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Marie Curie Development Host and Marie Curie Training Site

The Marine Electrochemistry Group has been selected to act as training site for EU PhD students, and as Development Host for experienced EU researchers at Post-Doctoral level. Programs:

MCFH-2001-00189 for Training Sites

MCFG-2001-00188 for Development Hosts

Further information at http://www.cordis.lu/improving


Marie Curie Development Host

"Electrodetection of metal and sulfide species in natural waters using microelectrodes."

Post-Doctoral researchers experienced in the area of electroanalytical chemistry, especially solid and microelectrodes, can apply. You have to be a national of an EU or associated state.

The expected stay is 12 months, with possibility of 24 months. Period: Jan 2002 - Dec 2005.


Metal and sulfide species can be detected in natural waters using electrodes, usually mercury based but some success has been obtained using modified electrodes. In-situ detection in surface waters, and especially porewaters of sediments, is severely hampered by lack of suitable electrodes. Microelectrodes would solve problems related to low ionic strength, stirring, and minimised volume. Recent developments in micromachining and chip manufacture have enabled the possibility to make microelectrodes, and arrays of microelectrodes, sufficiently robust for in-situ detection.

We are experienced in the electroanalytical detection of metal and sulfide species, and we have the electrochemical instrumentation to back this up. We are looking for a person to help us make, and test, microelectrodes and/or microarray electrodes. We hope to be able to test different materials such as gold, silver and iridium. To minimise the use of mercury we may have to use specific electrodes for specific aims, such as silver for lead detection.

We are looking for excellent electroanalytical chemists, experienced with solid and microelectrodes, and perhaps with arrays of microelectrodes, and keen to to spend some time in a laboratory in a different country.

Prof Stan van den Berg
Marine Electrochemistry Group, Oceanography Laboratories, University of Liverpool; 


Marie Curie Training Site

"The determination of the chemical speciation of metals (copper, iron, cobalt and zinc) in natural waters including seawater using cathodic stripping voltammetry and ligand competition."

PhD students in environmental, analytical, or marine sciences, with an interest in metal speciation can apply. You have to be a national of an EU or associated state, and plan to stay for 3 to 12 months; 2002 - 2005.


Metal speciation in natural waters.
Metal ions in natural waters tend to be complexed by organic matter, the "metal complexing capacity". This speciation determines the availability as well as the toxicity, to microorganisms. The metal speciation is determined by electroanalytical methods. Both anodic stripping voltammetry (ASV) and cathodic stripping voltammetry (CSV) will be used: ASV for lead, and a combination of ligand competition with CSV for cobalt, iron, copper and zinc in fresh waters, estuaries and ocean waters. The speciation data will be used to calculate equivalent ligand concentrations and conditional stability constants with the aim of calculating the speciation of metals in environmental impact studies and studies of uptake of metals by microorganisms (algae) as well as macroorganisms (fish and plants).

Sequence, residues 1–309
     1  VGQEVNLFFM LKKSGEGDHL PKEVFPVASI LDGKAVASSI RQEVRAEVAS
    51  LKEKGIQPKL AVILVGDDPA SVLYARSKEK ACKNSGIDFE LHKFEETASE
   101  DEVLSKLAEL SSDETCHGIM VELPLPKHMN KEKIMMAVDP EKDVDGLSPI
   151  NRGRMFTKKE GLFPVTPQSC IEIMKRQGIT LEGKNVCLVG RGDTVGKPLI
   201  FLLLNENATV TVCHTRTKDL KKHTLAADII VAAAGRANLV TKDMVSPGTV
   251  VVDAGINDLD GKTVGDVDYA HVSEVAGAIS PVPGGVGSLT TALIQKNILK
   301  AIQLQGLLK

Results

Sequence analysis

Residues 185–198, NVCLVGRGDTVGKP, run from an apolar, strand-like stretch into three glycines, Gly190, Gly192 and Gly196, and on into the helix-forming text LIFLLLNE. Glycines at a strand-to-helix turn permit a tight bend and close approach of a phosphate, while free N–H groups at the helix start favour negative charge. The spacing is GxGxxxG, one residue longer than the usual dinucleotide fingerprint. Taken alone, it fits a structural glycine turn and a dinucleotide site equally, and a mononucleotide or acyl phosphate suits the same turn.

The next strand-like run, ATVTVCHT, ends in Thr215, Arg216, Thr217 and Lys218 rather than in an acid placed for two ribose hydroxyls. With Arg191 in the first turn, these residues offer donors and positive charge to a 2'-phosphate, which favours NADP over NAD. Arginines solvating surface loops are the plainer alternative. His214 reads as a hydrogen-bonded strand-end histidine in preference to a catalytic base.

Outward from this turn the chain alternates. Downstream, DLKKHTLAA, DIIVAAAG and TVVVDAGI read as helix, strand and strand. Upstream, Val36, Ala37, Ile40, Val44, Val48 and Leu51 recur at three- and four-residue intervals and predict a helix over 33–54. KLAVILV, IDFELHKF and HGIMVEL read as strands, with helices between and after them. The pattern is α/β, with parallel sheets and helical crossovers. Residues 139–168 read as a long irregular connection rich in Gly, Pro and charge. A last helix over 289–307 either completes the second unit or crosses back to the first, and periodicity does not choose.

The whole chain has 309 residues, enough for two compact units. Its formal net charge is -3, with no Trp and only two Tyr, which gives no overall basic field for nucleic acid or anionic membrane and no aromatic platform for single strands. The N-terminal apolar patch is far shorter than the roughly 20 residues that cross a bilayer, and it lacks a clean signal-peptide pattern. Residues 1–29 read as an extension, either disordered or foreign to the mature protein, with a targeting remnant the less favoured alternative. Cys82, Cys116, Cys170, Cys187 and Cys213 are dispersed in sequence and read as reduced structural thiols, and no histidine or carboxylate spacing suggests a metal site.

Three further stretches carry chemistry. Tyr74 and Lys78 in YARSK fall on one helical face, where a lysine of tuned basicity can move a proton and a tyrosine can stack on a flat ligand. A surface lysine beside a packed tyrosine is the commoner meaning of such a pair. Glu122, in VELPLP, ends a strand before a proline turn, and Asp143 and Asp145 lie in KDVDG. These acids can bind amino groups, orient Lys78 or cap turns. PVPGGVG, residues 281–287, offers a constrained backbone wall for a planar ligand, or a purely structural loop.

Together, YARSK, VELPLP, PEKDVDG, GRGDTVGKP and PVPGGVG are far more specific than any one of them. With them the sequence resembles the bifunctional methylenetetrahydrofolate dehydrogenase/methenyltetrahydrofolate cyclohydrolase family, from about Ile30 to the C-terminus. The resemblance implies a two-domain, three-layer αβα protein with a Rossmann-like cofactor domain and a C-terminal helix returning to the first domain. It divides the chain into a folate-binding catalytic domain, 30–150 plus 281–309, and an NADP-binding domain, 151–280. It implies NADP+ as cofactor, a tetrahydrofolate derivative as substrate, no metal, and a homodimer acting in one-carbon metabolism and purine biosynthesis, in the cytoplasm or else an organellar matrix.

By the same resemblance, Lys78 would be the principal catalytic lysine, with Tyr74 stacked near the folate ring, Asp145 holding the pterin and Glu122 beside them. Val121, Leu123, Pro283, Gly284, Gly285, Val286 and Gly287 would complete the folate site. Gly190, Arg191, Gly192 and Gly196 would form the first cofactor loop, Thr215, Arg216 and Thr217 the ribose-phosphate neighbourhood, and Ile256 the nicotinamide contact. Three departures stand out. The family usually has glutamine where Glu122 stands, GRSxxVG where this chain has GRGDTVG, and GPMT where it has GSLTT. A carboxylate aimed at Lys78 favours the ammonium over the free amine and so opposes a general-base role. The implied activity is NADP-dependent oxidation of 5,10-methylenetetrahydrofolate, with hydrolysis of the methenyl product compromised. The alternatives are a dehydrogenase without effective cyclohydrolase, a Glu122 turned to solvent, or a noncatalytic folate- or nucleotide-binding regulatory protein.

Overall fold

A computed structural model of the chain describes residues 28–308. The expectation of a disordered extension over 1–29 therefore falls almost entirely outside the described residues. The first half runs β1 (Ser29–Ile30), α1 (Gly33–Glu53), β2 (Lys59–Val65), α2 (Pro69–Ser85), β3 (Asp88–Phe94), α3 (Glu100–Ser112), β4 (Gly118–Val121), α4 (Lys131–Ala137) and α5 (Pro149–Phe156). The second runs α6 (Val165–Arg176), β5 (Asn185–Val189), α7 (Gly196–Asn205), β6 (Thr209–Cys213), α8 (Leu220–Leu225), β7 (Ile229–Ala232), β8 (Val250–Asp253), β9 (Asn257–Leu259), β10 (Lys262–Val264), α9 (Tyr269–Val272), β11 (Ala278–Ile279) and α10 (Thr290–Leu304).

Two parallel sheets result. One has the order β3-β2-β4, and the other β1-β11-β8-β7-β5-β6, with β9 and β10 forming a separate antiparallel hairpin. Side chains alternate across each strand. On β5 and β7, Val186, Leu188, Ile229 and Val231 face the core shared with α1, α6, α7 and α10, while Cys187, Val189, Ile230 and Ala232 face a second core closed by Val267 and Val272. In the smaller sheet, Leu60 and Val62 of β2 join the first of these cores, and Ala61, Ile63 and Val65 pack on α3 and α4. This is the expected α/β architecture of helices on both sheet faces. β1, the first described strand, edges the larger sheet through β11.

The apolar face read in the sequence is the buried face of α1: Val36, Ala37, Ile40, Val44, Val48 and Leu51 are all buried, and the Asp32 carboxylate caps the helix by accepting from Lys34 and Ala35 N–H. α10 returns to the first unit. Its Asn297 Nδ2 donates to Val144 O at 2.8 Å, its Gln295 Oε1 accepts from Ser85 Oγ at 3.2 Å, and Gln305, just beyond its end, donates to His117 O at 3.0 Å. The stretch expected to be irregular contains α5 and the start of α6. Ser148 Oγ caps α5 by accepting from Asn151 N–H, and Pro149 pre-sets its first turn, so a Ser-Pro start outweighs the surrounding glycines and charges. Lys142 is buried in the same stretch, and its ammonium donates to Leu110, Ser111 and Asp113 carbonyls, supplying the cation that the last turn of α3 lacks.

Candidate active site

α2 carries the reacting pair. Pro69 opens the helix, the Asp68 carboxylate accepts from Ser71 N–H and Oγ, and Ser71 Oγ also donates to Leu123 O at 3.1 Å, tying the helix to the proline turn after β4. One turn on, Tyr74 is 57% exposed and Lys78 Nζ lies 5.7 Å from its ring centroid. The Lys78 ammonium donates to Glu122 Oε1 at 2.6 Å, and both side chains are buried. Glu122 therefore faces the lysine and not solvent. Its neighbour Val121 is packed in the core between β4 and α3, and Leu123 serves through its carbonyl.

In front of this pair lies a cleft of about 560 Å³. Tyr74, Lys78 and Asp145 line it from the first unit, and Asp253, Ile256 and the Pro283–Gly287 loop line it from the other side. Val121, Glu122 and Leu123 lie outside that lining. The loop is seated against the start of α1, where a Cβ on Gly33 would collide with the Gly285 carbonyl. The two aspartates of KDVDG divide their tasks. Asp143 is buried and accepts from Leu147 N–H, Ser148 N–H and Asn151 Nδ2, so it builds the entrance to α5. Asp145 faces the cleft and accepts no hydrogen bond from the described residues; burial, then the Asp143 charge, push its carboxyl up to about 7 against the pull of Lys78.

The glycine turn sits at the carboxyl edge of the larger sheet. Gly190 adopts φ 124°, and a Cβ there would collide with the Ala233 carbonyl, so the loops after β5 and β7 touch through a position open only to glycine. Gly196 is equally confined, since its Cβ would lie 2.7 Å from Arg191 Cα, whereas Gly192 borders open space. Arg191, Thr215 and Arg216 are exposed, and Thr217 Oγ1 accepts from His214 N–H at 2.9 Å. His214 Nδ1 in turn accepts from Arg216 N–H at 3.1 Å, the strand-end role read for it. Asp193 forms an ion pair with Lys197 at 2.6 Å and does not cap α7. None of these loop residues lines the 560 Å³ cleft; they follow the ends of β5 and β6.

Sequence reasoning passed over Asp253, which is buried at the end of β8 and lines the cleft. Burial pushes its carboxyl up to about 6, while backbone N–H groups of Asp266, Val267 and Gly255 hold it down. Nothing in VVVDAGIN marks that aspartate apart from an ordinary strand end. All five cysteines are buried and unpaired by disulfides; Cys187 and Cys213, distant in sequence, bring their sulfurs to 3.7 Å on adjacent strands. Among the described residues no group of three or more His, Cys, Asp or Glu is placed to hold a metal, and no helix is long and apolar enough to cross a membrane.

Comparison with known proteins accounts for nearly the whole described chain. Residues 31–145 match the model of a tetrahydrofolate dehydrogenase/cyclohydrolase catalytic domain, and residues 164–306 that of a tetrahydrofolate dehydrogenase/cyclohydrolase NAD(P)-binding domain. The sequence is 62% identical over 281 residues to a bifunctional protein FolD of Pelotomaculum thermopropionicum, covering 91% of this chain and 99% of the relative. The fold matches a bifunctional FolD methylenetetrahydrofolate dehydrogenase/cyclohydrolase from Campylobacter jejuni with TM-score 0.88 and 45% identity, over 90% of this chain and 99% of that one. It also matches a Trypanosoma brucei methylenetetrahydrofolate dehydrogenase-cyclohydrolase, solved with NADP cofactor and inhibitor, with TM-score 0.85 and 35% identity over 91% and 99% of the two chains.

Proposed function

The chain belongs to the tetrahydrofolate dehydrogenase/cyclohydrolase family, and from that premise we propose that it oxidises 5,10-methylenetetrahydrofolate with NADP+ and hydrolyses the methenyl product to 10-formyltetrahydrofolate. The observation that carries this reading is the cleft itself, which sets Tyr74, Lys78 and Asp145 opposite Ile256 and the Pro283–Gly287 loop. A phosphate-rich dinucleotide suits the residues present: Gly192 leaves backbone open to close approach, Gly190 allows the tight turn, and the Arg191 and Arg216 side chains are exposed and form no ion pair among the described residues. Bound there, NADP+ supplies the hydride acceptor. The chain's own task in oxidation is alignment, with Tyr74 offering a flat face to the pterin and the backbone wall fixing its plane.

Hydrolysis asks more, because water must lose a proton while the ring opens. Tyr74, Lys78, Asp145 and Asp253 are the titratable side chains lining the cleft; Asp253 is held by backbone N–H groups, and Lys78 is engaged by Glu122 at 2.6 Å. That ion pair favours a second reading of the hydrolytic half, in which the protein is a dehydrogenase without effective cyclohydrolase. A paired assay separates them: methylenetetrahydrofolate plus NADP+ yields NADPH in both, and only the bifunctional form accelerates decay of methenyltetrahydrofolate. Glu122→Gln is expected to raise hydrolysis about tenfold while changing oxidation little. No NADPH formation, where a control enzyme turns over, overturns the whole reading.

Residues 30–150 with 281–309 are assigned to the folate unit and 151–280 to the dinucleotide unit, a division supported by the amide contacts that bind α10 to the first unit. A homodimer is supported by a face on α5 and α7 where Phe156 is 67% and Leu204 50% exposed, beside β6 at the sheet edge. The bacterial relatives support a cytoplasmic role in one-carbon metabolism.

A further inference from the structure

The Marine Electrochemistry Group at Liverpool has excellent facilities for electroanalysis, using conventional commercially available as well as home-made instrumentation for on-line metal detection. During the training the PhD student will be become proficient in the use of the most recent voltammetric techniques to detect metals and their speciation at picomolar levels in natural waters (clean lab facilities will be used). The PhD student will learn to interpret the speciation data using computer models (spreadsheets; data linearisation as well as curve fitting) in terms of stability constants and ligand concentrations. The methods will be applied to natural waters by participation in on-going studies of metal speciation in waters from remote mountain lakes, and estuarine, coastal and oceanic origin. The PhD students are encouraged to fit the training year in their ongoing research project either by bringing samples to Liverpool, or to adapt the method to their particular project. It is the strong intention to produce data suitable for publication, and write a draft manuscript, within the training period.

Prof Stan van den Berg
Marine Electrochemistry Group, Oceanography Laboratories, University of Liverpool;

Info from the EU website